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Opinion | Decatur mayor’s shameful permit requirement latest black eye for city

Upset because people are protesting outside of his house, Decatur mayor Tab Bowling wants to violate the constitution to stop them.

The mayor of Decatur is tired of people protesting outside of his home, disrupting his family time, disturbing his neighbors and generally making life more difficult for him. 

Yes, it must be difficult to have people show up at your home and forever upend your nice, peaceful life. 

Just ask the family of Steve Perkins. 

That’s why the protesters are there – to let Mayor Tab Bowling know that they’re still watching, still unhappy about the slow moving pace of the investigation into the shooting death of Perkins. 

Perkins was killed in his front yard by Decatur police in September. Last month, Bowling finally announced that three of the four cops involved in that shooting would be fired. A fourth was placed on leave. It’s unclear what, if any, other meaningful changes are being made within the Decatur Police Department to avoid similar incidents in the future.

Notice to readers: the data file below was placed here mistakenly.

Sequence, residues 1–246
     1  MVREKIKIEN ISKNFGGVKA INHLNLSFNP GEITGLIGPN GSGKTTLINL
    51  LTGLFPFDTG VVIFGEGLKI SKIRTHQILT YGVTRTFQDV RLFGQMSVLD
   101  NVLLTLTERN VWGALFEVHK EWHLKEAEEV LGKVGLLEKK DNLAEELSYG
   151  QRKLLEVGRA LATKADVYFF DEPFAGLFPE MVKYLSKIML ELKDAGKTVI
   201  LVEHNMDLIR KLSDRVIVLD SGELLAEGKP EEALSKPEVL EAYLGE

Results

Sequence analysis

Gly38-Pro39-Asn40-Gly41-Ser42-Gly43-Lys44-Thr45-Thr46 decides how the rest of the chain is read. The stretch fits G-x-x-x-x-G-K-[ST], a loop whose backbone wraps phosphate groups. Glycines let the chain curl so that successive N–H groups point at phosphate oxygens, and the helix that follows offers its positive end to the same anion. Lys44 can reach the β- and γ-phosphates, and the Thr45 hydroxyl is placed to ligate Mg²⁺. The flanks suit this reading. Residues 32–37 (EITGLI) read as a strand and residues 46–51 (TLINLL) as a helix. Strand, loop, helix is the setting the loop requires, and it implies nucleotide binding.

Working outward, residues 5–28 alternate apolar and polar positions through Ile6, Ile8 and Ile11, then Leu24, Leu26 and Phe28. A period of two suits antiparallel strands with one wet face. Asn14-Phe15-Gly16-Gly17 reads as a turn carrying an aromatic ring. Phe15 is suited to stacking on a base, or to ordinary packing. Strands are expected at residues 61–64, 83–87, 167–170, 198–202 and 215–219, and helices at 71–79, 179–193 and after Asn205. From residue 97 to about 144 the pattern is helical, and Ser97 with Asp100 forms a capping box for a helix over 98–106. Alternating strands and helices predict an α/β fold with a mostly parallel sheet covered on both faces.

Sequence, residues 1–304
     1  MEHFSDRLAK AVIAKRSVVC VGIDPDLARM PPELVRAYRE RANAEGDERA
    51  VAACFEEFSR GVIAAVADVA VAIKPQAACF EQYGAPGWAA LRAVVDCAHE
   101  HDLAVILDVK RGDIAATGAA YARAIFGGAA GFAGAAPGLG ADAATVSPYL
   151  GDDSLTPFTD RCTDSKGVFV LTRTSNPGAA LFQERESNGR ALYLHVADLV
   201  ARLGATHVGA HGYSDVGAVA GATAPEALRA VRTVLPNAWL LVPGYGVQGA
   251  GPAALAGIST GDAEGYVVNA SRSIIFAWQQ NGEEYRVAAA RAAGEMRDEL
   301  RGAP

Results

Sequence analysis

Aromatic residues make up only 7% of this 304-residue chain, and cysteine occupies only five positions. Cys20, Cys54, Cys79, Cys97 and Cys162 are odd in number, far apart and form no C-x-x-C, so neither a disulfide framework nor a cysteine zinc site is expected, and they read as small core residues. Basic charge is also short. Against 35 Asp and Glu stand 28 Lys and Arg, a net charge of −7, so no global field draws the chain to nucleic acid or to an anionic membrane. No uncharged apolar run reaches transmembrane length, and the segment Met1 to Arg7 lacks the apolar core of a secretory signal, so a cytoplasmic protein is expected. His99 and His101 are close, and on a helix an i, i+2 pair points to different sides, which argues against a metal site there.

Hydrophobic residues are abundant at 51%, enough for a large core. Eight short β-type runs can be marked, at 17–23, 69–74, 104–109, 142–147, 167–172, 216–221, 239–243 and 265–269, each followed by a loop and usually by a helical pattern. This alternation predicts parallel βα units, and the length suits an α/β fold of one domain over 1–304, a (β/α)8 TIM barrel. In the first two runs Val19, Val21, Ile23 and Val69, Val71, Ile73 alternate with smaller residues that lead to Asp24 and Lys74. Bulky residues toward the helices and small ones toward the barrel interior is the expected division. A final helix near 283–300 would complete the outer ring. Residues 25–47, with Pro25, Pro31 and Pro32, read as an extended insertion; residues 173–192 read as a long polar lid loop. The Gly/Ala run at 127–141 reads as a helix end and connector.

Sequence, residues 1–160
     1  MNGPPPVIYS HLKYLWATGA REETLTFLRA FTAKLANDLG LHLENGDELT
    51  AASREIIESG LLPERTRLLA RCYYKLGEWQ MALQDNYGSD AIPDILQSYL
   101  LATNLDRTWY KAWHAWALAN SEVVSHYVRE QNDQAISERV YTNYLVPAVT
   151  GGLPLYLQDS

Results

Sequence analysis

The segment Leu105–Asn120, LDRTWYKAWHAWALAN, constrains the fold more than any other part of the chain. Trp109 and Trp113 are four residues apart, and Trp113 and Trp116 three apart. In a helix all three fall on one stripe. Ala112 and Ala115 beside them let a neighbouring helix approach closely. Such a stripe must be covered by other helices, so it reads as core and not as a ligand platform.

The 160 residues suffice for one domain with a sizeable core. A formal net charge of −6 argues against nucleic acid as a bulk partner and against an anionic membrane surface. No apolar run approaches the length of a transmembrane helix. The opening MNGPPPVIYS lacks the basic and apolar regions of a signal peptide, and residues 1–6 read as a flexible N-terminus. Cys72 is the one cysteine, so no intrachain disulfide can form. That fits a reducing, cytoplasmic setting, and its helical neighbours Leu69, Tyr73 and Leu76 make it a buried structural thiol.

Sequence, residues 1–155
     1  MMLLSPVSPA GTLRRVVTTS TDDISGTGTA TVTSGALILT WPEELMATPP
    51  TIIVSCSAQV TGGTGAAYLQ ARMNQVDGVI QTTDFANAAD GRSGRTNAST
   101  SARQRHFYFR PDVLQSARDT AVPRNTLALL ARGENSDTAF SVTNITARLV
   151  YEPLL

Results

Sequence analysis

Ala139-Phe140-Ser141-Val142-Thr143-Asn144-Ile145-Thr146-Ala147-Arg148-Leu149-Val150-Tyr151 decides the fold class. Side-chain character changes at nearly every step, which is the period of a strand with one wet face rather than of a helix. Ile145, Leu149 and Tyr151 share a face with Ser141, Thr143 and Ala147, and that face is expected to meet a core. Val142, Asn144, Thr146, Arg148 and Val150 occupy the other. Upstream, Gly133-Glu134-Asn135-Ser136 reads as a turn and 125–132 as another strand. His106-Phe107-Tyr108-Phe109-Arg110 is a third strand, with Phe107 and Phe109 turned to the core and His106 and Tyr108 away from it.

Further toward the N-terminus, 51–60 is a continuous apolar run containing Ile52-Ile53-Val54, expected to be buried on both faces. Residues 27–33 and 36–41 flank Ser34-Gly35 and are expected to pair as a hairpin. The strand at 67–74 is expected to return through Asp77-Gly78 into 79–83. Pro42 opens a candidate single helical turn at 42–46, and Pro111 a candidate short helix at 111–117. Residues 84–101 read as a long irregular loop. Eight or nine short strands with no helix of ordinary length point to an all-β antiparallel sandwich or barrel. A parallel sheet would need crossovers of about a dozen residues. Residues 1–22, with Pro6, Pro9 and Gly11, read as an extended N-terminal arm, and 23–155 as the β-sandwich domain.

Also still lingering are the results of a criminal investigation conducted by the Alabama Law Enforcement Agency. Those results were turned over to the Morgan County District Attorney’s Office a week ago, and DA Scott Anderson said he will present the case to a grand jury for possible criminal charges against the officers. 

But we don’t need a grand jury, really. We know what happened from neighbors’ security video. 

Perkins confronted a tow truck driver who was attempting to repossess his truck. According to Perkins’ brother, Nicholas Perkins, that driver left and another driver at the same company contacted friends within the police department to ask for assistance in retrieving the vehicle. While that’s against the law, and a clear violation of DPD policy, the four officers went to Perkins’ home in the early morning hours anyway and took up hiding positions around his house and across the street. 

Decatur Mayor Tab Bolling

When Perkins later emerged, allegedly holding a handgun with a light on it, and yelled at the new tow truck driver, officers sprang from their hiding spots, in the dark, and one yelled at Perkins: “Police, getonthegrou….” 

The back end of the sentence was drowned out by his gunfire. Perkins was struck seven times, never having a chance to comply with orders and likely never knowing that cops were at his home. Those cops allowed the tow truck driver to leave with Perkins’ vehicle as he was fighting for his life in his own front yard. 

And now, after months of stalling and double speak and feet dragging, here’s the mayor of the city – the guy who’s ultimately in charge of that police department and the investigation of those cops and responsible for the actions of those under him – whining publicly about the terrible disruptions to his life. Because people are yelling at his house from the street at night. 

But it’s more unimaginable than that: Bowling announced a week ago that he’s now requiring protesters to obtain a permit through the chief of police or face arrest.